American International Group Inc. didn’t relinquish $7.3 billion in claims against Bank of America Corporation during its 2008 government bailout, a judge ruled Monday.

In a 40-page decision, U.S. District Judge Mariana Pfaelzer in Los Angeles ruled that AIG has standing to sue over mortgage-backed securities it transferred to Maiden Lane II LLC, a special purpose vehicle created by the Federal Reserve Bank of New York as part of AIG’s $182 billion rescue. Pfaelzer rejected BofA’s argument that AIG signed away its right to sue under the terms of the bailout.

Before the financial crisis, AIG invested billions of dollars in MBS sponsored, underwritten, or originated by BofA and its Countrywide Financial and Merrill Lynch units. The investments tanked in value during the subprime crisis, putting AIG on the brink of insolvency. The insurance giant eventually agreed to a government rescue that included selling a portion of its MBS portfolio to the N.Y. Fed’s Maiden Lane vehicle.

AIG sued BofA in New York state court in 2011, accusing it of engaging in a "massive fraud" by misrepresenting the quality of its securities. AIG’s lawyers at Quinn Emanuel Urquhart & Sullivan sought $10.5 billion in damages, including $7.3 billion related to the Maiden Lane II MBS.

BofA moved to dismiss the $7.3 billion in Maiden Lane II-related claims last October on standing grounds. According to the banks’ lawyers at Munger, Tolles & Olson and Reed Smith, when AIG transferred its MBS to Maiden Lane II, it also transferred its right to bring fraud claims relating to those securities.

After granting limited discovery on the question, Pfaelzer rejected BofA’s argument on Monday. The evidence "demonstrate[s] that AIG and the FRBNY did not discuss the transfer of tort claims to Maiden Lane II," she wrote. Pfaelzer did trim the case a bit, ruling that AIG failed to allege a viable claim for negligent misrepresentation, but the decision is still very, very good news for AIG and Quinn Emanuel.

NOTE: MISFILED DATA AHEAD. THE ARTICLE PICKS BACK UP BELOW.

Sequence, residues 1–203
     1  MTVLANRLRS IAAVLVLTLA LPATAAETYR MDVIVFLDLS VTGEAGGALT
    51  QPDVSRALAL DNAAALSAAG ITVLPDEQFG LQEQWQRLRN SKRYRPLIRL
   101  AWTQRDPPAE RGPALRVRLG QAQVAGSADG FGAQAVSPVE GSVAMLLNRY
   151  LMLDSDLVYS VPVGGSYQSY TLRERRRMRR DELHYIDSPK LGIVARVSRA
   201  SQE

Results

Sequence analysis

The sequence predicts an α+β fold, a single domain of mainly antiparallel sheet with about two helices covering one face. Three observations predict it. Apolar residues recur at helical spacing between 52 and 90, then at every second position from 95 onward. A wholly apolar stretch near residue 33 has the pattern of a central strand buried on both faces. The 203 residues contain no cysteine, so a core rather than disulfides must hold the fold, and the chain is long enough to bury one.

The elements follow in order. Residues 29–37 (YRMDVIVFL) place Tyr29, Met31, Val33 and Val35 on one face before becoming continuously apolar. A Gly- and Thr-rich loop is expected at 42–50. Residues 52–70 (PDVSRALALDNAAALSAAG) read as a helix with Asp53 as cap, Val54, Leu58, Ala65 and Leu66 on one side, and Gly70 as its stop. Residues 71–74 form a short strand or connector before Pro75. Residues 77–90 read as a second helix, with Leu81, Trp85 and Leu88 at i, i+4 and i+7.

A Bank of America spokesman said that Monday’s ruling doesn’t prevent the company from revisiting its standing defense later. "The court issued its ruling for purposes of the motion to dismiss and specifically allowed Bank of America to pursue additional discovery before the matter is fully decided," he said. He added that the bank "believes it has strong defenses to the remaining allegations."

Michael Carlinsky and Maria Ginzburg of Quinn Emanuel declined to comment on the ruling. BofA counsel Richard St. John of Munger Tolles didn’t immediately return a call seeking comment.

AIG’s case has had a long and tortured procedural history. The suit was first filed in New York state court, but BofA removed it to U.S. district court in Manhattan based on an obscure federal statute called the Edge Act. Meanwhile, the Judicial Panel on Multidistrict Litigation transferred the slice of the case relating to Countrywide to Pfaelzer, who is hearing all Countrywide MBS litigation.

The U.S. Court of Appeals for the Second Circuit rejected BofA’s Edge Act argument last month. BofA can still argue that the case belongs in federal court, but AIG’s lawyers have expressed confidence that they can persuade U.S. District Judge Lewis Kaplan in New York to remand the case back to a state court judge. If they succeed, Quinn Emanuel has argued that the portion of the case that’s now before Judge Pfaelzer should be returned to New York state court as well.